JERUSALEM, Feb 23 (Reuters) The Israeli government distanced itself on Wednesday from a top army general who was quoted as suggesting that the rule of Jordanian King Abdullah could be at threat from Jordan's Palestinian majority.
A spokesman for Foreign Minister Tzipi Livni said she called her Jordanian counterpart to clarify that comments by Major-General Yair Naveh, commander of Israeli forces in the occupied West Bank, ''in no way reflected government policy''.
At a closed-door briefing today in Jerusalem, Naveh discussed plans for the West Bank, which Israel captured from Jordan in 1967. Palestinians seek statehood in the territory, while many Israelis consider it a Jewish biblical birthright.
According to an audience member, at one point Naveh digressed to say that ''Jordan has its issues also''.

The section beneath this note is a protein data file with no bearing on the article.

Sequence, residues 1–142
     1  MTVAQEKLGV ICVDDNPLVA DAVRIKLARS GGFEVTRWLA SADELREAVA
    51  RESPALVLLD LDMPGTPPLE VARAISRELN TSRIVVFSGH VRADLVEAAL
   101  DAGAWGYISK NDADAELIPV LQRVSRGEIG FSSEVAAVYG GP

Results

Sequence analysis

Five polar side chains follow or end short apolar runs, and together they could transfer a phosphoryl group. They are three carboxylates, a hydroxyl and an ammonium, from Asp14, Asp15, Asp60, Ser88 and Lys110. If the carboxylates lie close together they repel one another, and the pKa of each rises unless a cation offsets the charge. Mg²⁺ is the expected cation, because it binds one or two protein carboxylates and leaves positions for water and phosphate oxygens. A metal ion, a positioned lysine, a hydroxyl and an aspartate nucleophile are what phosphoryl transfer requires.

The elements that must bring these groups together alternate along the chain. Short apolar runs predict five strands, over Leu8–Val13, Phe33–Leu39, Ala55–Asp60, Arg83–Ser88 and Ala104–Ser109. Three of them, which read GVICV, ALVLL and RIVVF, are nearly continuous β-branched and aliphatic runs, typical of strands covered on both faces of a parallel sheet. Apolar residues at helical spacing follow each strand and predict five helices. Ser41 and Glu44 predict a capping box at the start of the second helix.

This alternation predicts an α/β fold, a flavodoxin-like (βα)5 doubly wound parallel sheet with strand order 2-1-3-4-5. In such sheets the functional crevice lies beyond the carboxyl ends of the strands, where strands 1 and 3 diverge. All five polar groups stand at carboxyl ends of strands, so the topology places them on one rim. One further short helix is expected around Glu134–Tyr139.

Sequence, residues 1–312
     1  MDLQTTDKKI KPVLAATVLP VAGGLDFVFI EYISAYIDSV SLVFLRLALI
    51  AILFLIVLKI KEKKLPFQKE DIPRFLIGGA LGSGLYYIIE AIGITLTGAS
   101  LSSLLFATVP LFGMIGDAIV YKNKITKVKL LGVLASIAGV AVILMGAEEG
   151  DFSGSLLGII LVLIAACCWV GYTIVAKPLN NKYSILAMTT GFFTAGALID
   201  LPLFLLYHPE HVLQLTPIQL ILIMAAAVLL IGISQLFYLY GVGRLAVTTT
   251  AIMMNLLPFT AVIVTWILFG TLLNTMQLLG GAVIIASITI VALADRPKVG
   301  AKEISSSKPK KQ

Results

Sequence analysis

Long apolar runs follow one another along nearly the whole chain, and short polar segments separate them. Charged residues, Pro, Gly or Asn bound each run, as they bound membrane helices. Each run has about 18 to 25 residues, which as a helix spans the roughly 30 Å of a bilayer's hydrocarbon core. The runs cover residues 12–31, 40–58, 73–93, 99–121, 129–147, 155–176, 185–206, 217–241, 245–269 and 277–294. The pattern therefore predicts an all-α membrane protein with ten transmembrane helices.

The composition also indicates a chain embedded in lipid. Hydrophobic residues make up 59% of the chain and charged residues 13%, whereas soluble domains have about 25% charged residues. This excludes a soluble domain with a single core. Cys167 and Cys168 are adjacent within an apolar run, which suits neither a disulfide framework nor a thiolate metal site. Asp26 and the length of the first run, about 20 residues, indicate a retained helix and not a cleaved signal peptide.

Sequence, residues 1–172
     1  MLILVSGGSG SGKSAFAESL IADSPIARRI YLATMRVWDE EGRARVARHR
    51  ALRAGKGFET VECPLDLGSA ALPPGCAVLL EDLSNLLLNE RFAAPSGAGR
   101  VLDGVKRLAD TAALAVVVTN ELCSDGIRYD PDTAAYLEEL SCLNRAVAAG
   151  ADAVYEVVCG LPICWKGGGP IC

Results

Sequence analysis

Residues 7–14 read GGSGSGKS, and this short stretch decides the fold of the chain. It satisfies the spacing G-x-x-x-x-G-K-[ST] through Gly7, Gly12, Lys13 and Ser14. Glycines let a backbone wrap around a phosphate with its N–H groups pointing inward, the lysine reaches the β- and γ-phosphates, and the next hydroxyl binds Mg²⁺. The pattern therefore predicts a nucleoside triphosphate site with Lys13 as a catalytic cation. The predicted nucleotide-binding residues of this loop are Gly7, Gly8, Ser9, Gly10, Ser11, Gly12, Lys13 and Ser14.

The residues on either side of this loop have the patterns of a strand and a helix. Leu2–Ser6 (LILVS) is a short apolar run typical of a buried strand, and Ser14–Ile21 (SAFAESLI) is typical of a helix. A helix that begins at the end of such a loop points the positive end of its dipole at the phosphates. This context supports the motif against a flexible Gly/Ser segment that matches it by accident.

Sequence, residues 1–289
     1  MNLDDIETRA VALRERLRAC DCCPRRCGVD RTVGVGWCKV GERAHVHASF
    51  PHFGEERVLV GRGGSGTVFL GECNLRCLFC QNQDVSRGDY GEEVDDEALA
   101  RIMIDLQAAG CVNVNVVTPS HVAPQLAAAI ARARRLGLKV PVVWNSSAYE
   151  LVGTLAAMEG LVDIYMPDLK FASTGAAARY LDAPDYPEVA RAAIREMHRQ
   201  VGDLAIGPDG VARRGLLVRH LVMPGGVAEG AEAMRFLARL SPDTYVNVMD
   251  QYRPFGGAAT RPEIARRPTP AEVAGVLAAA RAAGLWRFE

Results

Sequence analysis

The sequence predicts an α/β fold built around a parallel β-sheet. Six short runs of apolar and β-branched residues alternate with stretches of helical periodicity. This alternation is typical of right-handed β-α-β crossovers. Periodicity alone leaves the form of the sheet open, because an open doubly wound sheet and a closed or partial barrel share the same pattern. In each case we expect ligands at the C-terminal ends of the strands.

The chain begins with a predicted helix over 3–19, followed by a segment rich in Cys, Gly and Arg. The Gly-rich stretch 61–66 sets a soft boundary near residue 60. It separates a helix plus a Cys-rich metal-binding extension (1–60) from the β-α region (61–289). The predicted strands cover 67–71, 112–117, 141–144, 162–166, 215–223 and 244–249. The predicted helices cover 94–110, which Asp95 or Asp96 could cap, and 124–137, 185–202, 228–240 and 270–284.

''Given that, he (Naveh) said, it (Jordan) is 80 percent Palestinian, he wondered aloud if Abdullah might be the last Hashemite king,'' the audience member said on condition of anonymity.
The Hashemites are Jordan's ruling clan.
Israeli media reported that the comments' leak prompted fears in the Jewish state of a diplomatic crises with Jordan, one of two Arab states with which it has full ties. There was no immediate comment from Amman.
Prior to the normalisation, some Israeli ultranationalists had suggested that Jordan, rather than the West Bank and Gaza, should serve as a future Palestinian state.
''We do not see Jordan as an alternative Palestinian state, and anyone hinting at that is not correctly articulating the policies of the government of Israel nor expressing the true long-term strategic interests of the State of Israel,'' Livni spokesman Mark Regev said.
The Defence Ministry said in a statement that ''Israel sees Jordan as a strong and stable country with a glorious tradition and promising future''. It said the top brass would ''check'' the comments attributed to Naveh.
Reuters PDS VP0057